Really Big Game!!!
Consider ways your team’s behaviour can be transparent and in accordance with the code of conduct. This will help to preventing other teams from making accusations against your team, to purposely disqualify your team from moving forward. Teams and coaches who wish to bring up concerns regarding another team should consider how this will impact your team. If these accusations are used as a mean/tool to move your team ahead, this will be interpreted as malicious and inflammatory. Ultimately this will lead your team down a path that will not be successful within the competition. Please refer to the game manual under R1 and the code of conduct.
As of July 2018, it is the recommendation of the Robotics Education & Competition Foundation (RECF) that teams wishing to be successful at the provincial championship and at the world championship should attend at least four VEX-IQ events within the season to give students and coaches the opportunity to experience steadfast focus at the competition with teams just as determined.
With that announcement being made in July, five non-competitive events/scrimmage have been added to this year’s event calendar for teams to practice their competition performance skills. These events are non-mandatory. However, teams wishing to compete at the world ranking level will most certainly take these opportunities seriously.
This year’s game look quite simple to play, but in fact, the challenge is in its simplicity. RECF is expecting most competitive team to score the maximum points within the match. Therefore, determining the tournament champion will depend on a number of other factors. For the highest scores possible stay tuned to the VEX IQ Forum and attend as many events as possible.
Teams wishing to participate at the season end Provincial Championship must win at least one category of competition at a regular season event: Team Work Challenge, Skills Competition, or be the Design Award winner.
STEM research projects are not mandatorily required at the regular season events.
However, they will be accepted, and feedback will be offered to teams. No awards will be given at the event and only video submission one week before the event may be considered. The STEM research project will be one of the conditions used as part of the tie breaker process during the regular season. Follow the link to the submission format and additional information (Link).
Skills Only/Unlimited events will no longer be part of the competition offering.
Teams wishing to vie/reach for the Excellence Award should pay attention to the following:
At regular season events:
– The code of conduct must be followed by all team members and coaches.
– The robot/team performance must be at the top of every category at the competition to exemplify performance excellence.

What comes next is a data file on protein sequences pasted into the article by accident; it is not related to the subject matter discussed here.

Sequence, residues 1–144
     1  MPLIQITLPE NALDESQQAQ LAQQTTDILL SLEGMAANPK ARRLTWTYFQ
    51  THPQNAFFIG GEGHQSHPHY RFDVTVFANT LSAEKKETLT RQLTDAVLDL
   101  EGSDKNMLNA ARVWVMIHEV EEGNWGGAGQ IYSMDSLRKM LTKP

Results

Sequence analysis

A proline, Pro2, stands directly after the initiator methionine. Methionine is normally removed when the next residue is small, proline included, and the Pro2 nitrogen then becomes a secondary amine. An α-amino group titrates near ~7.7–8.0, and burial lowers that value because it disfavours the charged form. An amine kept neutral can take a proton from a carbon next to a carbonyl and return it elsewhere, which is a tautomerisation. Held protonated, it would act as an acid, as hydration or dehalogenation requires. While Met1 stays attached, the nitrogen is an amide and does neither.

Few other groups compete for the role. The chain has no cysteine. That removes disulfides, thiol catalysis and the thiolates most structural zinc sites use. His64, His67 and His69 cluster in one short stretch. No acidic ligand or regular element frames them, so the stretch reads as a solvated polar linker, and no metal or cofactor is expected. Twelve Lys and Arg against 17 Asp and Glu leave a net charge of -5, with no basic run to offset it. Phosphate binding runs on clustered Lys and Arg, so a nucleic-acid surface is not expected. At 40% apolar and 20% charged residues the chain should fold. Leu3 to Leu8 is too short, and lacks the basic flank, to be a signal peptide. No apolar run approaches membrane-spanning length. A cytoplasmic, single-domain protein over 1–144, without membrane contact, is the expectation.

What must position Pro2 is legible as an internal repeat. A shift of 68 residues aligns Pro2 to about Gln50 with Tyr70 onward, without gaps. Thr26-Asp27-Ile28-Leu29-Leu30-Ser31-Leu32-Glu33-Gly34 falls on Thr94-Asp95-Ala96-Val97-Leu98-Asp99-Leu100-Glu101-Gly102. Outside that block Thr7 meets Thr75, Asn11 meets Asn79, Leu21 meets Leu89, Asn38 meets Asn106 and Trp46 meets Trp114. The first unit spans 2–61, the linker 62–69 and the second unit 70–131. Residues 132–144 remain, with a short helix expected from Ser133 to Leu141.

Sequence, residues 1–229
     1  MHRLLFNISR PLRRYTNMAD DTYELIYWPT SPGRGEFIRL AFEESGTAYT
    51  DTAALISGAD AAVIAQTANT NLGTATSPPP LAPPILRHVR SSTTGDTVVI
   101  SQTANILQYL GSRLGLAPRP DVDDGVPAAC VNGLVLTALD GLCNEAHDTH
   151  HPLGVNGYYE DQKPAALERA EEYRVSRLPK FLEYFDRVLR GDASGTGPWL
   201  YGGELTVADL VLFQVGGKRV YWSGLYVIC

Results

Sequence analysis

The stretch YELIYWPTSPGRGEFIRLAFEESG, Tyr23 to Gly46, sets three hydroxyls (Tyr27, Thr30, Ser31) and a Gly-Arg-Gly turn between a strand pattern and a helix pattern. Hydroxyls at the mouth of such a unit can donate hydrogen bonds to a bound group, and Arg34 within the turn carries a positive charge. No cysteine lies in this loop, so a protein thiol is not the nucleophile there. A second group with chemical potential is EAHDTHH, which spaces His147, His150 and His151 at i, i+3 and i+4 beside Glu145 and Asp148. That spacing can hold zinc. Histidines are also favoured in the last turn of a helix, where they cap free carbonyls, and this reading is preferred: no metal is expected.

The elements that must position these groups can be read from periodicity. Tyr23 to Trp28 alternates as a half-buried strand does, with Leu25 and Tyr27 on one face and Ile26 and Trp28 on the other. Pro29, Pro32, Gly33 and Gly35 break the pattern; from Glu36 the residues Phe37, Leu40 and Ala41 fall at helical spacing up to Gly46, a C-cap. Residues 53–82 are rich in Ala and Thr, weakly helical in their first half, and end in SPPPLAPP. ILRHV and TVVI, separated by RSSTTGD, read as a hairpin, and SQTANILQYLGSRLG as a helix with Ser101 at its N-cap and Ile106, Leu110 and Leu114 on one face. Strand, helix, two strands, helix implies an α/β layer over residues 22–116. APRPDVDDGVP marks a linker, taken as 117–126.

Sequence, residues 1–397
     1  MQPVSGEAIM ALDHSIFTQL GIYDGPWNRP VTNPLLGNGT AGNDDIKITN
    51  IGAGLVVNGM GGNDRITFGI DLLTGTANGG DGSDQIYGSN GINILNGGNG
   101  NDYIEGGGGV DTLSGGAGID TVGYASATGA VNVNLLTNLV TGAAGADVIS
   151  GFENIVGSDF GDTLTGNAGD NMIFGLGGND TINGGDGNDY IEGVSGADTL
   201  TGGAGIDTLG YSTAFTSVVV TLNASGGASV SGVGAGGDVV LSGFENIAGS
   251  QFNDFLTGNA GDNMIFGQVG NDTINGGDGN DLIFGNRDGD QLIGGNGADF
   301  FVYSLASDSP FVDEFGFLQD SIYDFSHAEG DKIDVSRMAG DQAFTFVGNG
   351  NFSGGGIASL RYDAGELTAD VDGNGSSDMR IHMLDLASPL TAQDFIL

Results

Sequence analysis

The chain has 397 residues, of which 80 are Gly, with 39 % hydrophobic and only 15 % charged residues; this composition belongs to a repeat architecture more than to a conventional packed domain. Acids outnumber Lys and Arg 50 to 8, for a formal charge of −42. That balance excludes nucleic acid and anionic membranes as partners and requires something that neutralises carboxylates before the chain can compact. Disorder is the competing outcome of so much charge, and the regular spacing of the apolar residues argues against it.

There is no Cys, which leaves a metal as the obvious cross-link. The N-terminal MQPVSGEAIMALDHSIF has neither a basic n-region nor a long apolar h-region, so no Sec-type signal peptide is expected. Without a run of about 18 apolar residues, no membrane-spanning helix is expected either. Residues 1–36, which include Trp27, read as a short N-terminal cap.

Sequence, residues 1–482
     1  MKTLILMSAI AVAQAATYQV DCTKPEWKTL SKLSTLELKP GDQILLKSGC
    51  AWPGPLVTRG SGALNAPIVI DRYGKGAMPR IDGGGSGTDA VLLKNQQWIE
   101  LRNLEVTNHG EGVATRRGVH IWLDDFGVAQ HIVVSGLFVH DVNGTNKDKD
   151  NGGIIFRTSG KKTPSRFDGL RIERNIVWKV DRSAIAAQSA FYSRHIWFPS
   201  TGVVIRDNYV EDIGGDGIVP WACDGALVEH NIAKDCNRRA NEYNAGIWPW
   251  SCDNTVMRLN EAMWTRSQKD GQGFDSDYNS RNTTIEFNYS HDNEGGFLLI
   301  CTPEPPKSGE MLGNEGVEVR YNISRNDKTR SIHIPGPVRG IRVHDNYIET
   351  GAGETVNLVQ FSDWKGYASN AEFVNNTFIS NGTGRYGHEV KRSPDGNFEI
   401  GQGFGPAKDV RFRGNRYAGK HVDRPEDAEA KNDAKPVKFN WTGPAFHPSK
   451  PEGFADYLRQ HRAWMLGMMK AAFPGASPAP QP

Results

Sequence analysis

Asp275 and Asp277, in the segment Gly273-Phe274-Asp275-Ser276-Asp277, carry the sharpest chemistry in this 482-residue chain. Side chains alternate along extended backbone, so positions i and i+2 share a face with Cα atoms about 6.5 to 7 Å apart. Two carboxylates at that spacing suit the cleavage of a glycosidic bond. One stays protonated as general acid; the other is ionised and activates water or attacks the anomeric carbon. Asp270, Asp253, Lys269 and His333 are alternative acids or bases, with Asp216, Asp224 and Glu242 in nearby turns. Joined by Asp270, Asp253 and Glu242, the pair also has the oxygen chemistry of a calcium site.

– All judges and referee(s) must agree on the team chosen for the excellence award.
At the provincial championship:
The VEX-IQ Robotics 2018/2019 BC Championship is an invitational event. Invitations will be sent out to teams that are category winner at a competition during the regular season.
STEM research project will be mandatory for teams wishing to be consider for the Excellence Award at the Provincial Championship. This must be a unique submission that have not been submitted before. However, it can be an improvement of the previous submission during the regular season.
Skills Competition ranking alone will no longer be considered for the world competition. However, should a tie occur at the championship, the skills ranking will be used as one of the determining factors for the Excellence Award.
Excellence Award winner at the Provincial Championship will be representing western Canada at the World Robotics competition – Louisville Kentucky April 2019.
VEX IQ is a student-centered program. Adults may assist Students in urgent situations, but adults should never work on or program a Robot without Students on that Team being present and actively participating.
Some amount of adult mentorship, teaching, and/or guidance is an expected and encouraged facet of the VEX IQ Challenge. No one is born an expert in robotics! However, obstacles should always be viewed as teaching opportunities, not tasks for an adult to solve without Students present and actively participating.
When a mechanism falls off, it is… …okay for an adult to help a Student investigate why it failed, so it can be improved. …not okay for an adult to put the robot back together.
When a team encounters a complex programming concept, it is… …okay for an adult to guide a Student through a flowchart to understand its logic. …not okay for an adult to write a pre-made command for that Student to reference.